Want to learn more? Click here! for a related article in Scientific American.


What Do The Laundry Symbols Mean?

Sometimes my clothing tags don't have the laundry/care instructions written out -- they just have symbols -- and I am left guessing what they mean. Not anymore! Thankfully, Primer Magazine recently posted a handy chart explaining them all. And now I am sharing it with you. :)

For the entire article about how to care for your clothes correctly (and for a bigger chart!): click here!


Why Does The Pope Change His Name?

The world welcomed Pope Francis as the new leader of the Catholic Church last week. Wonder why he didn't just go by his given name and become Pope Jorge Mario?

Well, the Catholic church does not force the pope to take on a new name with the new role; it's a choice by the pope himself. Several hundred years ago, Pope Marcellus II actually kept his name. The pope chooses a new name as a way of symbolizing his mission as pope. Popes in the past have picked saints names or former popes' names whose priorities and desires are similar to theirs.

Before the 6th Century, popes were known by their given names. The first pope to change his name was Pope John II, originally named Mercurius, in 533 AD. He decided to have his name be associated with his predecessor Pope John I, as opposed to the pagan god Mercury. As leader of the Catholic Church, who could blame him? :)

It's thought that Pope Francis picked his name to be linked to Saint Francis of Assisi, a kind and beloved saint, who was known for renouncing the riches of this world to live in poverty. In Argentina, Pope Francis is said to have lived a humble and simple lifestyle full of compassion for the poor, and that is how he will likely live out his papacy. He wants to be a pope who is close to the people.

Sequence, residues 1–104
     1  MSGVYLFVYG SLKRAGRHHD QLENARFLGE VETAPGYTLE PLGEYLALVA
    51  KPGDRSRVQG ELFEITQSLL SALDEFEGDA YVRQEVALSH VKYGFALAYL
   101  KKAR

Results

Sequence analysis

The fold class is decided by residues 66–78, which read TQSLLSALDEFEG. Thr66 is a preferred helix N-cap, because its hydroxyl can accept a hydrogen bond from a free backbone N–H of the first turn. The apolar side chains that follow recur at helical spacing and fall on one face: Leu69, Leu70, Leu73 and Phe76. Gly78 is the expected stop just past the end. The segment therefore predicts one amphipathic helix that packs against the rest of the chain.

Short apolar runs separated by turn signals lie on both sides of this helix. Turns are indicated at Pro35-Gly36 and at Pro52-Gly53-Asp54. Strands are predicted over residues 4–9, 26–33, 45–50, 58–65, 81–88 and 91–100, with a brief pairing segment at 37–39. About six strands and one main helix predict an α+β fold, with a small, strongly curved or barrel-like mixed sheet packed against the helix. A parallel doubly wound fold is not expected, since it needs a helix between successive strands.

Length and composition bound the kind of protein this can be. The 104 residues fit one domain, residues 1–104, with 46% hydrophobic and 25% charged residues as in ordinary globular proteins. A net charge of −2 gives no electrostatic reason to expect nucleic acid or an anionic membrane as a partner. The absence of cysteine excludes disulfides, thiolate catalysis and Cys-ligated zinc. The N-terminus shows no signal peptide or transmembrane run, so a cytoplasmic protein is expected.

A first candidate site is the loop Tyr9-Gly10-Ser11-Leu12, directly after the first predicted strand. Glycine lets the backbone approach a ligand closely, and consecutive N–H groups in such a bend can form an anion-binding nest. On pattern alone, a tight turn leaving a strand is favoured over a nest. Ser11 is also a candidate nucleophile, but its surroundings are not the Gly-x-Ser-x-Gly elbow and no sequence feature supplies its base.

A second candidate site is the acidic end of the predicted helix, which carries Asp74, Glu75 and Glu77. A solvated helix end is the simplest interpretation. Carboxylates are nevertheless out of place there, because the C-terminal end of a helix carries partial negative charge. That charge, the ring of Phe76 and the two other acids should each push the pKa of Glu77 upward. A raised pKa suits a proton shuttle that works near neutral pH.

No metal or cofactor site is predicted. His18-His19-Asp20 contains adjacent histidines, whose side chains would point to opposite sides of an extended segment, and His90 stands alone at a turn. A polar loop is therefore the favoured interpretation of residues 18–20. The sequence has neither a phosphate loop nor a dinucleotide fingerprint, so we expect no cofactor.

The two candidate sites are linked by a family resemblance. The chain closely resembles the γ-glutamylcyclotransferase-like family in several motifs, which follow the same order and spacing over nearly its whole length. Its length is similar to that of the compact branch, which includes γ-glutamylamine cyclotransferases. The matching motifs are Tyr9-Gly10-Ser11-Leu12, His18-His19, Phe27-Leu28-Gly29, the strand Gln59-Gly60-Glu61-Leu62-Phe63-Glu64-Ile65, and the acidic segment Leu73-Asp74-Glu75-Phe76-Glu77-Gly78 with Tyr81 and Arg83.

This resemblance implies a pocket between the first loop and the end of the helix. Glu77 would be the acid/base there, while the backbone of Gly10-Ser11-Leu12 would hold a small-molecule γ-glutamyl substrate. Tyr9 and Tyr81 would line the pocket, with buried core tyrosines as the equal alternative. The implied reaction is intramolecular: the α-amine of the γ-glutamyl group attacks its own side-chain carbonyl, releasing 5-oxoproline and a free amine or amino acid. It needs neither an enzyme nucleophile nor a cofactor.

Some suggest that he also wanted to evoke the memory of Saint Francis Xavier, the Jesuit missionary, since Pope Francis is the first Jesuit pope.

The now-retired Pope Benedict XVI chose that name to link himself with Pope Benedict XV, who led the church with a steady hand through World War I. As it turned out, Pope Benedict XVI was also like his namesake in that they both reigned for about 8 years.

Once Father Jorge & Cardinal Bergoglio, now Pope Francis!

[sources: latimes, wikipedia, npr


What's Gonna Happen To English??

I heard the following segment on Michigan Radio this morning. It gives a couple of new examples of the elasticity of the American English language and how popular work usage, not grammatical rules or language origins, tend to shape the meanings of words.

To hear the original podcast: Click Here.
This time on "That's What They Say," host Rina Miller and University of Michigan Professor Anne Curzan discuss the colloquial "gonna" and "wanna," and how these words are not just mispronunciations of their original verbs, but are developing their own distinct meanings.
"If you think about the verb 'go' as a main verb, it has directionality to it. So I could say 'I'm going to swim,' which would imply some kind of direction," explains Curzan. "But if I say 'I'm gonna swim,' that means at some point in the future, I'm gonna swim."
Curzan says that this evolution of the meaning of the verbs is due to the lack of definitive future-tense construction in the English language.